Jumbo Tsuruta v Nick Bockwinkel (2/23/84)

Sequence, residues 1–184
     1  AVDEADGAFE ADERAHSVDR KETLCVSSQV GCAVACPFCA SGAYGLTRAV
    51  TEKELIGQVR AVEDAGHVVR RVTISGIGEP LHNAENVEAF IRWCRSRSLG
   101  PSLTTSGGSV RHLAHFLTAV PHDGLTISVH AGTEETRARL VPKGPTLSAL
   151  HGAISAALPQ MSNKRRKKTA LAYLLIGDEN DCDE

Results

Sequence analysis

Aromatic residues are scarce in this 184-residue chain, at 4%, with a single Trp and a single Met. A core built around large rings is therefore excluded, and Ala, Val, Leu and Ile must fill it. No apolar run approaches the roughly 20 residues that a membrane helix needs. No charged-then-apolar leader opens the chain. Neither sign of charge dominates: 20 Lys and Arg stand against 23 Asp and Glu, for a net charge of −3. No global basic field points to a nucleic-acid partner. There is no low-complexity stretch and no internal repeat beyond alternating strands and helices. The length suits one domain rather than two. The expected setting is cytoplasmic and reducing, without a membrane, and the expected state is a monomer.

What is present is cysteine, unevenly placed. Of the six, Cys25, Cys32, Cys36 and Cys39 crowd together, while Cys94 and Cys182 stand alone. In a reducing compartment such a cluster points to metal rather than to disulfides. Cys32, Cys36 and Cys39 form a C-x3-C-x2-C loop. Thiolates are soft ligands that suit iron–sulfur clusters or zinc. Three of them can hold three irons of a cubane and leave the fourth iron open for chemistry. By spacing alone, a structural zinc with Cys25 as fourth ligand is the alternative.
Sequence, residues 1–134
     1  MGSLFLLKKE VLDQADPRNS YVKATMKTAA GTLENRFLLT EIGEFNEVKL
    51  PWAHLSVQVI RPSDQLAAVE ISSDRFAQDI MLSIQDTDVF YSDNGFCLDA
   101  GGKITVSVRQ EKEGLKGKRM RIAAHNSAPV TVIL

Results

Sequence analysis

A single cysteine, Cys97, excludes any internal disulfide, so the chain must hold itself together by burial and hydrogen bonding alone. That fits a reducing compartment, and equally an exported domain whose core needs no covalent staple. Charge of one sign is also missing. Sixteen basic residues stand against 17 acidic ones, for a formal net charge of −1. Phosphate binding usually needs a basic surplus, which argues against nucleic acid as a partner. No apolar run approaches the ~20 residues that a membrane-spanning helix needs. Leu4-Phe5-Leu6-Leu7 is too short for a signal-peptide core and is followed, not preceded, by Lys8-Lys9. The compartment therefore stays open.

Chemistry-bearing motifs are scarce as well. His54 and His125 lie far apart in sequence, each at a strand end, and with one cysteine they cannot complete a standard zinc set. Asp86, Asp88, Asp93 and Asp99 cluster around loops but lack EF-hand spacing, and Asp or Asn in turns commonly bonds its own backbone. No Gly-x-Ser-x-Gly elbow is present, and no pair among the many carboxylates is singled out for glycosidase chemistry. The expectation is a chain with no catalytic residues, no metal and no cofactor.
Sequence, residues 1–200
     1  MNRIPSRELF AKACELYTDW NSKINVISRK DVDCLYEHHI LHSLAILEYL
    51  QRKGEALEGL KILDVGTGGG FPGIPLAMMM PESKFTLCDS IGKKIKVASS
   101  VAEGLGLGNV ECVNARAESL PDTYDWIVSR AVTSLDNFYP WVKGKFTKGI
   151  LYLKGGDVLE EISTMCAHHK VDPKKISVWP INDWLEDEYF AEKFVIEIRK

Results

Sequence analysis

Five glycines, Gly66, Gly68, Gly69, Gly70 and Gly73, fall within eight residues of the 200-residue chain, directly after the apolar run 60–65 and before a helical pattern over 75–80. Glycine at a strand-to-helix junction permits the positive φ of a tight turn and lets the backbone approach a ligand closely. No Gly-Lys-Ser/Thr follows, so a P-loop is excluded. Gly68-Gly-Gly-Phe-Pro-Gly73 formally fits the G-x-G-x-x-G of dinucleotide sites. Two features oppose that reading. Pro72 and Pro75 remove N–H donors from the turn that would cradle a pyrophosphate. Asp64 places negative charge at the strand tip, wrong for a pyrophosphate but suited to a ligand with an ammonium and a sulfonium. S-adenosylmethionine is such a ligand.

- Terry Funk is the special referee here and holy shit is he ROCKING the best referee outfit ever. He just beats out Sandy Barr as the best dressed ref’ in history. As far as special referees go he’s also WAAAY better than Fargo was on the Memphis set. He’s actually pretty great in that role, always trying to keep things in line but never being so over the top as to distract from the guys actually wrestling. Seriously, is there ANYTHING this guy does not fucking rule at? This is the third match in a row on disc 4 that’s gone around half an hour (think this goes a little over that), but the early stuff with Bockwinkel working the arm is really good and as an opening section it’s better than the early stages of Jumbo/Race and Steamboat/God. Thought it went a little longer than needed before Jumbo got a foothold, but everything looked rough and nasty and they never stopped to lie around. I think I’m starting to turn a corner on Bock. I wouldn’t call myself a big Bockwinkel fan just yet, but coming into this set he was pretty much on a level with Harley Race on my list of guys that don’t do a whole lot for me despite generally being pimped fairly heavily. At this stage I have no more desire to watch a bunch of Harley, but I’d be totally fine with a Bockwinkel-heavy AWA set being the next one to drop. Finish to this might be my favourite finish of the set so far (does Hansen trying to hang Funk with a bullrope count as a finish? I mean I guess it meant “the end” for all intents and purposes, but Dory running out like a school teacher and running Hansen off felt more like the “finish” than Hansen’s attempt on Terry’s life...which probably sounds ass-backwards since how much more of a finish can you get than murder?). First Terry takes the best ref’ bump on the set – no wait, screw that, he takes a TERRY FUNK bump while moonlighting as a referee – and flies out of the ring and lands on his head and winds up dangling over the barricade. Bock tries to suplex Jumbo from the ring apron back into the ring, but Jumbo slides down the back and hits the backdrop, just in time for Terry to recover and scoot back in to count the 3. Crowd comes UNGLUED and we have a new World Champ. The backdrop felt sort of like that spot on the New Japan set where Fujinami finally hits the Dragon Suplex and pins Inoki clean as a whistle. I knew Jumbo won this already, so it didn’t feel as “out of nowhere” as the Fujinami match, but it was still an awesome moment.